After taking Megatron in the first daylight hours of Veterans Day, November 11, 2013, on Veterans Day, 2014, at daylight, Franken was again in a tree stand but on another farm 5 miles away from where he’d taken Megatron. His hunting partner texted him and asked, “What kind of buck are you planning to take?”
Fish Hook moved again and stopped about 19 yards from Colton’s tree stand, quartering away from him. Colton put his pin sight on his Bear Anarchy bow behind the buck’s front shoulder and aimed a little high and a little back.
“When I finally reached the buck and put my hands on his antlers, I knew this buck was the biggest I’d ever taken,” Posey explains. “I’d never even seen a buck this big.” And if his friend has waited, the day before, this huge buck might have been his.
“I saw a really-big 9 point that would probably score 140 and then I saw a monster buck that took my breath away. He had a drop tine that looked to be as big as my forearm, and the rest of his rack was really huge.
The bowman who relies on a blood trail and seeing the animal fall will lose more deer than he ever will recover. But the archer who assumes that he’ll have to be able to see and understand even the smallest detail in trailing the deer will more likely than not recover his animal.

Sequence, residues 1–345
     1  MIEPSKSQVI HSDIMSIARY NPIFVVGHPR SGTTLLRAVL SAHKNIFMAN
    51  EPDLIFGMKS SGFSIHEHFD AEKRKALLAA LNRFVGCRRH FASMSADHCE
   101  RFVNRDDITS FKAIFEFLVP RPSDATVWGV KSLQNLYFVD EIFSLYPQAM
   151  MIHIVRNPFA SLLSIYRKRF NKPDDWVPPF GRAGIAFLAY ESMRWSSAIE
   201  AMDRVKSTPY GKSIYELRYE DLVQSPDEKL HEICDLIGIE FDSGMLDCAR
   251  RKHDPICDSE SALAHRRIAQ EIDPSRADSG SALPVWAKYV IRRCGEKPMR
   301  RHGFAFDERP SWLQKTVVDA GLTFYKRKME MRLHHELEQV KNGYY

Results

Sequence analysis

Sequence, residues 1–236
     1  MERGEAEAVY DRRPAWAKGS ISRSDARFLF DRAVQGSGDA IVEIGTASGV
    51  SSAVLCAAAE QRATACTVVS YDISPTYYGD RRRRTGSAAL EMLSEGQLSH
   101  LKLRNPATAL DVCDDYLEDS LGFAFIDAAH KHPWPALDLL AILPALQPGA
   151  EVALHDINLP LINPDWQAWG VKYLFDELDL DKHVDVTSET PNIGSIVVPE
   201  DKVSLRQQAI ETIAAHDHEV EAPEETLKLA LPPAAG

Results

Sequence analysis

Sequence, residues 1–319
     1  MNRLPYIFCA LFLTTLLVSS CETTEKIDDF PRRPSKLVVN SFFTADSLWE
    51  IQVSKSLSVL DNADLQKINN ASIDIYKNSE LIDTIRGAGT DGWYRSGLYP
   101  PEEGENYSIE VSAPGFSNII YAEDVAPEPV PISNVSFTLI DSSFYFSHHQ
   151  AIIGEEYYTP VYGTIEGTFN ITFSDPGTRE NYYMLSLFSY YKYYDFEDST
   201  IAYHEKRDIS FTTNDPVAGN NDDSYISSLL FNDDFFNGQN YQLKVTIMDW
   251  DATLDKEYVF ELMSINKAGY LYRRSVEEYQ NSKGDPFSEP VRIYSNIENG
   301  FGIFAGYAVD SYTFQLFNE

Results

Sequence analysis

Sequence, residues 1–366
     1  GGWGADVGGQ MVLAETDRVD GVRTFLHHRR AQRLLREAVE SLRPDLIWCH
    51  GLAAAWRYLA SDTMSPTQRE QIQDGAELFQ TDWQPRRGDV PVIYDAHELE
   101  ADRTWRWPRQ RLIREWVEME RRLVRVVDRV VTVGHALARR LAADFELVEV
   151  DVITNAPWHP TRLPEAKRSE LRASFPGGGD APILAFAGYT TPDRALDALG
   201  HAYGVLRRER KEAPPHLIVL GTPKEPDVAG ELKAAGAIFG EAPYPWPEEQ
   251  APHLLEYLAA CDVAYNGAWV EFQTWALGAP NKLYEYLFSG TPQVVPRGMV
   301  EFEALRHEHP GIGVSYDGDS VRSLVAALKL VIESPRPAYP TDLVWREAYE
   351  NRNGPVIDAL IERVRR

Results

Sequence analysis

Most archers try to locate where deer are feeding or a trail where they are moving to and from food. But the most-successful bowhunters travel several steps further and read the signs much closer, longer and harder. Are you doing the obvious and overlooking what you should not?
Practice alone doesn’t make a better archer. Just because you’ve been bowhunting for several years doesn’t mean you know how to shoot accurately. So, put your ego in your hip pocket. Allow someone else to evaluate your shooting and help you to correct it.
Howard Hill was the first white man to take an elephant with a bow, and did all of the trick shooting in the movie “Robin Hood,” which starred Errol Flynn. It was Hill who actually split the arrow with an arrow in the film.
“I expect every piece of hunting equipment I own to fail at some time,” notes nationally-known bowhunter Dr. Robert Sheppard of Tuscaloosa, Alabama, a bowhunting instructor at Westervelt Lodge near Aliceville, Alabama, and Bent Creek Lodge in Jachin, Ala. Do you?
Deer hunting with a bow and arrow is the most-exacting sport in the out-of-doors. To consistently be successful, you constantly must pay attention to even the smallest and most-minute details. This paying attention to detail needs to become a reflex, rather than a thought process.
Part 2: What causes bowhunters to miss bears when the bear is in close? Brown bears are dangerous game. They can attack. When you’re within 20 yards of an 800-pound-plus brown bear, a huge adrenaline rush hits the shooter. How do you control that?
I decided I would get my hunters as close to the brown bears as I safely could. Then they can take high-percentage shots. The last thing we want to ever do is to wound one of these giant bears and have to follow it into the bush.
When the bear began to move-down the mountain, I positioned myself where I thought he would come, near some grass. The bear came down to within 20 yards of me and offered a broadside shot.
The bear was traveling, eating and moving faster than me, even though I’d begun to run. Finally, the bear decided to turn-around and come-back toward me. I got into a little cave about 15-yards from the ocean that completely hid me from the bear.